Family Vocabulary Part 2

English Listening Practice Family Vocabulary 2

Advanced ESL listening Practice for Adults Family Vocabulary 2


Welcome to our Daily English Listening Practice with this week’s series:

Family Vocabulary

Your extended family are your family members you don’t see as often, or they could be people that aren’t exactly part of your family. As you get into a deeper conversation, this English Family Vocabulary will be helpful in describing them in more detail. Enjoy!

Please listen to the audio files for explanations.
Transcripts unavailable.

Notes from the Audio Files

Great-Grandparents

  • Family tree: the visual connections between your family, often looks like a tree
  • Grandmother’s side: the family related to your grandma
  • Grandfather’s side: the family related to your grandpa
  • Generation: people born and living around the same time
  • 6 generations back: the 6th generation in the past: your great-great-great grandparents
    • 1st – you, 2nd – your parents, 3rd- your grandparents…. 6th  your great-great-great grandparents
  • Great uncles/aunts: the brother and sisters of your grandparents

How to use it:
“I’m a 6th generation Texan. My great-great-great-great grandparents on my dad’s side came to Texas from Germany, and they’ve been living there ever since!”
“Apparently I met my great-grandfather when I was just a few months old, but unfortunately I don’t remember.”

Family Names 

  • Mom and dad
  • Mommy and daddy
  • Mum and dad: British English spelling
  • Grow out of: Become too old or too mature for something
  • Side of the family: Mother’s or Father’s parents
  • On my dad’s side: Related to my father
  • Granny, Nana: words for grandmother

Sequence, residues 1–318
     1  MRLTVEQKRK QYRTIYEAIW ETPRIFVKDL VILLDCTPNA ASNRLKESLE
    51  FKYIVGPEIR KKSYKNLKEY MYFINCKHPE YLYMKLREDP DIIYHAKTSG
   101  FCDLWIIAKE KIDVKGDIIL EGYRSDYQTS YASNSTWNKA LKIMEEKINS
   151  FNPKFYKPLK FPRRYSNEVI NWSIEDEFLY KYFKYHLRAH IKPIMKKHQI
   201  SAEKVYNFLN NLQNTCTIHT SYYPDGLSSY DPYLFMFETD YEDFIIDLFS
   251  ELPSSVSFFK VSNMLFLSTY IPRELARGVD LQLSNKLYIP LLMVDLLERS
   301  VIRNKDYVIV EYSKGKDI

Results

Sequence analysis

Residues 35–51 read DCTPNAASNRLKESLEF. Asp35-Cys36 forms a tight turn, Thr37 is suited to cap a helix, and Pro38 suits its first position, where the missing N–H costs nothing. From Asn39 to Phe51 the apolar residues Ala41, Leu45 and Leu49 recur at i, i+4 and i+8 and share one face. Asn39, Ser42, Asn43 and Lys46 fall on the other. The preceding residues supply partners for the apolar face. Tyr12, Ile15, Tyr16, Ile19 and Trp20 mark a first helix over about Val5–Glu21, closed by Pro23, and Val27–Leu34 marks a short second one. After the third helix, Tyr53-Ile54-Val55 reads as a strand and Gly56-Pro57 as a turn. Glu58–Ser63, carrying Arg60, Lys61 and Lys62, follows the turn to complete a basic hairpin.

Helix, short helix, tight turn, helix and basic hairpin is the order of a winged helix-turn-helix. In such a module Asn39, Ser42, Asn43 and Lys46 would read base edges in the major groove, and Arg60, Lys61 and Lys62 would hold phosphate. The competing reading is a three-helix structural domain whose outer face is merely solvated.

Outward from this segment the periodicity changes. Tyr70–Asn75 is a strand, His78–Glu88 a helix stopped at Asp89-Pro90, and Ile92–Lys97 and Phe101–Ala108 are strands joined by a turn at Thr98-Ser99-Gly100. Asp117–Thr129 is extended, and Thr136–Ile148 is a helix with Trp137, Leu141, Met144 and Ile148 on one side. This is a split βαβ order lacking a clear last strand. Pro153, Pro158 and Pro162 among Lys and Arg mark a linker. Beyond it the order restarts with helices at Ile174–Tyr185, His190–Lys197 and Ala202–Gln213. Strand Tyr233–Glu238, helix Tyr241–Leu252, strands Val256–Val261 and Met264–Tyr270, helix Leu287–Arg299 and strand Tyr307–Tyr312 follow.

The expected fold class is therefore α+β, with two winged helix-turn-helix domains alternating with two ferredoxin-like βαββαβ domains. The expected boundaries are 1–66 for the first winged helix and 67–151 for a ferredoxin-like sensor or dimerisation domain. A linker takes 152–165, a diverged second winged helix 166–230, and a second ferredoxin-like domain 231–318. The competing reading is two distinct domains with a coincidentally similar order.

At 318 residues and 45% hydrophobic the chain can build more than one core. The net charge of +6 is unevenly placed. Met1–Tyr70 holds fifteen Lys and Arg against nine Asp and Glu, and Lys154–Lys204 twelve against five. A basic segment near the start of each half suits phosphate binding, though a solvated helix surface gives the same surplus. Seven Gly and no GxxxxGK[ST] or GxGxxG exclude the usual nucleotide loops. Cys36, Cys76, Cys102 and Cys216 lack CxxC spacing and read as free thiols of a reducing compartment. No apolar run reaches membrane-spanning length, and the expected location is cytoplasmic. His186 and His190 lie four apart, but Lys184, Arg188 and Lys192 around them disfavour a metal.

• Grandad, Grandpa, Papa: words for grandfather
  • Who has since passed away: Who has died
  • Went by a name: weren’t called their given names, they went by nicknames

How to use it:
“I cringe when I hear adults call their parents “Mommy and Daddy” like little kids, I just call mine Mom and Dad. I guess if I had kids I would start calling them Grandma and Grandpa, like my kids!”
“I don’t know how we ended up calling him ‘Granddad’, I suppose it’s probably what he called his granddad!”

Like a Sister/Brother/Uncle Godparents

  • Blood-related: Related genetically
  • Like a sister to you: Like you are related or a part of your family
  • Close family friend: A good friend of the family
  • An only child: A child with no brothers or sisters
  • Godparents: a person who presents a child at baptism
  • Present at your baptism: witness to your Christian religious ceremony of sprinkling water on your forehead or being immersed in water
  • Baptized
  • Religiously affiliated: you follow a particular religion

How to use it:
“I don’t really keep in touch with my godparents, they’re not blood-related, but they were good friends of the family when I was a kid.”
“My cousin was about 5 years older than me, and he was really like a brother to me. I really liked it when we hung out at family get-togethers.”

My American Family

  • I’ve only gotten to meet them once
  • Kiwi: Unofficial New Zealand nationality

How to use it:
“Well, I’ve got some family in Australia, and then of course there’s my Kiwi family in Auckland.”
“My uncle – I mean my American uncle, is coming to England to visit, the other Americans can’t make it though.”

Long lost relative: estranged  

  • Estranged: formal
  • “No longer part of the family”: more informal phrase
  • Bad blood: A broken or hostile relationship between family or friends
  • Long lost relative: A newly discovered member of your family
  • Genealogy: The study of family history and lineage
  • Spit test: A DNA collection test
  • DNA lab: a place that tests and records your genetic structure
  • Back into the fold: back into the normal routine, normal life

How to use it:
“There’s no bad blood between me and my uncle, although I don’t think anyone else considers him part of the family anymore.”
“My mother didn’t find out until her fifties that she had a long-lost brother, she’s trying to meet up with him someday.”


Do you have family that lives abroad or has moved to a new country? How about friends of the family, are you close to your godparents? Tell us about ‘em!

Thanks,

Kat and Mark

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